Sean Avery, indefinite suspensions and NHL gullibility

The NHL has had its say, Tom Hicks agreed and now it's Dallas Stars Coach Dave Tippett addressing the indefinite suspension of Sean Avery for saying that other NHL players have had sexual intercourse with women he used to date.

From the coach of the last-place Stars:

"It's something that the league has taken action on and our owner has supported it. I think everyone in our room believes there is an integrity that has to go into the game -- a respect for the game and a respect for your opponents, and Sean crossed that line."

Stars GM Brett Hull's comments on the matter are here.

In case you're wondering what crossing the lines of respect and integrity looks like, here's Avery's "press conference" today in Calgary:

Did you crack a smile? Did you roll your eyes? Did you see anything that would warrant swift punishment from the National Hockey League?

I'd say the NHL couldn't embarrass itself any further, but I haven't seen what the "definite" suspension of Avery will look like.

If there's any defending Gary Bettman's decision to suspend Avery before tonight's game at the Calgary Flames, it's for the sake of safety. There was every chance that Dion Phaneuf was going to knock Avery into British Columbia. There was every chance that a Stars player may have paid a price for Avery's indignation, both in his "sloppy seconds" crack and his previous comments about Jarome Iginla.

From a player safety perspective, the NHL has the high ground.

But in the past, when situations threatened to get out of hand between teams with bad blood, the League would opt for back-channel threats of zero tolerance. Think back to huge brawls like Buffalo and Ottawa; Round 2 is always a letdown, because it was made clear before the game that the silly stuff would be met with a swift kick to the wallet.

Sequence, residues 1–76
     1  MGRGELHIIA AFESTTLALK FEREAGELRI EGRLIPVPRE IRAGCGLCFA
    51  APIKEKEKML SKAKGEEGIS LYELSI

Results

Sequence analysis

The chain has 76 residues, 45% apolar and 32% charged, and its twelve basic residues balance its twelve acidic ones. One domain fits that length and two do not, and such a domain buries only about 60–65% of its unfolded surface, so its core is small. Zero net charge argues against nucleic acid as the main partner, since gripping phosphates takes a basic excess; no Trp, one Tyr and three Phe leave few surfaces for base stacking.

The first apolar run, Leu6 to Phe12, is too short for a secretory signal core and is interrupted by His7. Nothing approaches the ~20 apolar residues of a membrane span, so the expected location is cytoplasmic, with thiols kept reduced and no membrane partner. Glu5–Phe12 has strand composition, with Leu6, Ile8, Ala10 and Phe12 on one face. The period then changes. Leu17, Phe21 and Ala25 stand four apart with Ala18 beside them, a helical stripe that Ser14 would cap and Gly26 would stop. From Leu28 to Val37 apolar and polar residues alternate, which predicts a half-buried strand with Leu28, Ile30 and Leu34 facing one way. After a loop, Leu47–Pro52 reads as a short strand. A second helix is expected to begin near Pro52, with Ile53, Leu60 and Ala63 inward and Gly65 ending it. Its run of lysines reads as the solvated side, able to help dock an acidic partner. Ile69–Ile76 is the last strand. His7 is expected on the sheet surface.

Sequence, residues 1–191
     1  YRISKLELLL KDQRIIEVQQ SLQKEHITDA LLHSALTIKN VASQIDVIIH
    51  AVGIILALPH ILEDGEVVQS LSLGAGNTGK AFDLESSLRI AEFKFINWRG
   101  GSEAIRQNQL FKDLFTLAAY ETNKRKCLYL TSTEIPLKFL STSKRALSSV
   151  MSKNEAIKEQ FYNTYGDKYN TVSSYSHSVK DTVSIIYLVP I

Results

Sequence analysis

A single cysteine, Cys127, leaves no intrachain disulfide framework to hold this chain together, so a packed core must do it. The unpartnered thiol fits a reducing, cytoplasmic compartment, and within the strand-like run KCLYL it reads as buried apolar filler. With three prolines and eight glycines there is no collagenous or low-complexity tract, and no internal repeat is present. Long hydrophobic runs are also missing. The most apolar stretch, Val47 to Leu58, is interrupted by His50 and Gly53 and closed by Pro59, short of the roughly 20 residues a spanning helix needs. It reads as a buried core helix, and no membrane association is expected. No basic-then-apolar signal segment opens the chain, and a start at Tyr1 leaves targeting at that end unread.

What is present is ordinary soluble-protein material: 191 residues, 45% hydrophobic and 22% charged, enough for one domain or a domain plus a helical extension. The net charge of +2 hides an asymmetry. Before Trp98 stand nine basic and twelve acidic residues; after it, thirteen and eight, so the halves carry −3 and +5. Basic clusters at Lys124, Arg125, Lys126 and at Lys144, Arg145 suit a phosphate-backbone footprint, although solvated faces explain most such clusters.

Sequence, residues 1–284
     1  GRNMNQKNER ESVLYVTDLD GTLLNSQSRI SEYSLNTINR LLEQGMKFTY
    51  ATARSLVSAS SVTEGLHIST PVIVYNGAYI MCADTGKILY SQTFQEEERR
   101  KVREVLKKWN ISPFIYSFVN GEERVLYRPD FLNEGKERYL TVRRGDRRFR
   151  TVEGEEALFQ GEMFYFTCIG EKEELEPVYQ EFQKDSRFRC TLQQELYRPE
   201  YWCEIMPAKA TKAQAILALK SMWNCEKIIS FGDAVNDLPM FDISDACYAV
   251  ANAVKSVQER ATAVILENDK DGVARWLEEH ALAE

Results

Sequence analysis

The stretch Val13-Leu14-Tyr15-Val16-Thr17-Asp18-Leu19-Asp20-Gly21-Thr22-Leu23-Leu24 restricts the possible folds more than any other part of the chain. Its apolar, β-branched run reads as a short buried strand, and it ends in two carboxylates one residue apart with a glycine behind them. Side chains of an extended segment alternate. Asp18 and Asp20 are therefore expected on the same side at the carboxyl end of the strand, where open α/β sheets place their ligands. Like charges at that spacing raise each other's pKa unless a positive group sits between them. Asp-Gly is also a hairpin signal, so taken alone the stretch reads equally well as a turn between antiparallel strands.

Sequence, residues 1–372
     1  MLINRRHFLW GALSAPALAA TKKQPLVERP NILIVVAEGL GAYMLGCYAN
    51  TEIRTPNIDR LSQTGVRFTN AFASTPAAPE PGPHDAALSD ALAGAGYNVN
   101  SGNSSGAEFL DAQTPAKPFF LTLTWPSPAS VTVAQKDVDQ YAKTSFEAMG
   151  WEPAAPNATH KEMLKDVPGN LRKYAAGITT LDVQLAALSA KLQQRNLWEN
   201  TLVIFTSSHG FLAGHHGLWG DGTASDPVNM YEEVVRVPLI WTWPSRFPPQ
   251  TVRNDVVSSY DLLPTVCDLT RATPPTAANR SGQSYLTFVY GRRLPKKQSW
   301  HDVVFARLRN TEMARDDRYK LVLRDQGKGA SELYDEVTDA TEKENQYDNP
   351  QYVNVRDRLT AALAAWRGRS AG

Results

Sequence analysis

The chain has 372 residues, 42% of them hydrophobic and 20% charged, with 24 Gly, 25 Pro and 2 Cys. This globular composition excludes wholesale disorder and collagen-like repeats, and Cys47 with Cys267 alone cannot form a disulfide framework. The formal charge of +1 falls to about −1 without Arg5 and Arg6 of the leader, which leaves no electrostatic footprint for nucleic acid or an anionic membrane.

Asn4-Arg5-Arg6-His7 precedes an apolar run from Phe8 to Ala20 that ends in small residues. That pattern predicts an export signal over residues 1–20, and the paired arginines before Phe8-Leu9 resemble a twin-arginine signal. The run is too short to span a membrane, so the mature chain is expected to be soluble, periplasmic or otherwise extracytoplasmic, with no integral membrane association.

And that's where the NHL looks absolutely foolish today. The League suspending Avery for opening his yap and making a frat boy joke elevates his antics back to legendary status. This is the Avery Rule all over again; Avery looks irresponsible but mischievous, and the League looks like it's making special considerations because the class clown acted up. Give him 10 games, give him 30; he wins again.

Seriously, if the NHL were half as vigilant on hits to the head as they are for Sean Avery's nonsense, Simon Gagne might not hear church bells every time he closes his eyes.

As The Forechecker writes:

If Avery gets more than a single game suspension out of this, the NHLPA should call the league out on the carpet for prioritizing PR above player safety.

If Gary Bettman was as smart as he thinks he is, he would have picked up the phone to Tom Hicks and demanded the Stars suspend Avery. Make it a team issue rather than a League issue. Turn Avery back into a locker-room cancer instead of clouding the issue by elevating him into a free-speech martyr.

In the end, suspending Avery proves Avery correct that this League is disinterested in creating a compelling product to which fans want to pay attention.

Once again, Sean Avery is the biggest story in sports tonight. Once again, the NHL was squandered the moment. As Tapeleg put it: "NHL Renders Flames - Stars Unwatchable by Suspending Avery."

Two final thoughts: If Avery had said the "sloppy seconds" line after a game in the locker room, the NHL would have condemned it but there'd be no suspension. His grandstanding is his sin.

We know this because Ian White of the Toronto Maple Leafs wasn't suspended after telling the media that Ilya Kovalchuk will "get what's coming to him" the next time they meet.

I guess Avery's joke is more offensive than the threat of continued violence. Maybe if White has added, "And the second time, it'll get reeeeeeeeeeal sloppy."

Second ... is anyone else thinking there's way, way more to this than we know about? Avery's smirking "press conference" certainly seemed like a counterpunch, didn't it?

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